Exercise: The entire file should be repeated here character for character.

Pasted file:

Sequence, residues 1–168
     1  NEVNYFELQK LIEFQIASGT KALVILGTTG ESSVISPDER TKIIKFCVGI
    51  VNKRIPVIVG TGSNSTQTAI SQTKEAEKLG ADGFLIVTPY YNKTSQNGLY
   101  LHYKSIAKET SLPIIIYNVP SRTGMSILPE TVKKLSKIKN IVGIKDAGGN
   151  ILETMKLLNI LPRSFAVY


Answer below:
Sequence, residues 1–168
     1  NEVNYFELQK LIEFQIASGT KALVILGTTG ESSVISPDER TKIIKFCVGI
    51  VNKRIPVIVG TGSNSTQTAI SQTKEAEKLG ADGFLIVTPY YNKTSQNGLY
   101  LHYKSIAKET SLPIIIYNVP SRTGMSILPE TVKKLSKIKN IVGIKDAGGN
   151  ILETMKLLNI LPRSFAVY